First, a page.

Our current struggles as African Feminists are inextricably linked to our past as a continent – diverse pre-colonial contexts, slavery, colonization, liberation struggles, neo-colonialism, globalization, etc. Modern African States were built off the backs of African Feminists who fought alongside men for the liberation of the continent. As we craft new African States in this new millennium, we also craft new identities for African women, identities as full citizens, free from patriarchal oppression, with rights of access, ownership and control over resources and our own bodies. We also recognize that our pre-colonial, colonial and post-colonial histories require special measures to be taken in favour of particular African women in different contexts. We acknowledge the historical and significant gains that have been made by the African Women’s Movement over the past forty years, and we make bold to lay claim to these gains as African Feminists – they happened because African Feminists led the way, from the grassroots level and up; they strategised, organized, networked, went on strike and marched in protest, and did the research, analysis, lobbying, institution building and all that it took for States, employers and institutions to acknowledge women’s personhood.”

The Wide Margin was thus born, and Cera did not know it at the time but she was going to write about the [Feminist] Liberation not being Un-African.

Image from wide marging

Image from The Wide Margin website, illustration by Naddya Oluoch.

The Wide Margin was started because, “Feminism has often been distorted or co­opted by media, by religion, by capitalism, and by patriarchy. Many Africans avoid associating themselves with feminism. The claim that feminist ideals and projects “are not our culture” is often parroted as a stodgy excuse to disengage with feminism. But, as shown in Silence​ is a Woman by Wambui Mwangi, ‘Transversal​  Politics’ by Nira Yuval­ Davis, We​ Should All Be Feminists by Chimamanda Ngozi Adichie, amongst others, the concept of “culture” is fraught, and, while often in an antagonistic patriarchal relationship with women’s lives, culture also provides an archive and site of articulation for women’s trans­generational quests for sovereignty, autonomy, freedom, and pleasure…We are here to occupy space, to increase feminist voices from the continent and to tell young feminists in Africa, ‘you are not alone.’ ” – Editorial, Feminist While African, The Wide Margin.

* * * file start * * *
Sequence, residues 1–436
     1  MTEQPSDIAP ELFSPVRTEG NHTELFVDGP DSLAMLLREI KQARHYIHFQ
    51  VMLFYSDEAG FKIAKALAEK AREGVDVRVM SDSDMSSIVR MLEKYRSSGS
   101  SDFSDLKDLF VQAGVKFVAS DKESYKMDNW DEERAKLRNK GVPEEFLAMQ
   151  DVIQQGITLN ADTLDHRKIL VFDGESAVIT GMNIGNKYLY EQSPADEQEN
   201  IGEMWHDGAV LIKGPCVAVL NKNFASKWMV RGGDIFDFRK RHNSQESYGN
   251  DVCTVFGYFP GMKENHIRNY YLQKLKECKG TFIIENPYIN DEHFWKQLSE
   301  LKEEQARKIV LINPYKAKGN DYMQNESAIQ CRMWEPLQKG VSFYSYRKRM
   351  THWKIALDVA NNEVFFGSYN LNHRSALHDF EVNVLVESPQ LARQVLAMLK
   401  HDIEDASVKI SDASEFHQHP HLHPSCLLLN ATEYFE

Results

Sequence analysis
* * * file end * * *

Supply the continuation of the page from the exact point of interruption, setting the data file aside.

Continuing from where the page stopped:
After (and during the process of) publishing the inaugural issue of The Wide Margin, I discovered even more feminist content in Africa including Mon Pi Mon in Uganda, Third Culture Feminism in Zimbabwe and HOLA Africa, a Pan-Africanist queer womanist collective. Through deliberately occupying space online I learned that I did not in fact find already existing African feminists, we found each other.

The word for woman in my language is ‘mutumia’. Loosely translated this means the voiceless or the silent one…The fact that woman and silence are synonyms is reflective of the [imposed] voicelessness of women.” – Cera Njagi in ‘Mutumia

This is a reminder to those who already know about all the women speaking to share the words of other feminists as often as they can and as widely as possible. This is also an announcement to those who are not aware of feminist voices from Africa that African Feminists are being found with more regularity and consistency, tell a friend and tell them to tell other friends.

Bio:Varyanne is the editor in chief of The Wide Margin. She practices black feminist breathing while championing inclusive, intersectional, rigorous and unapologetic feminism.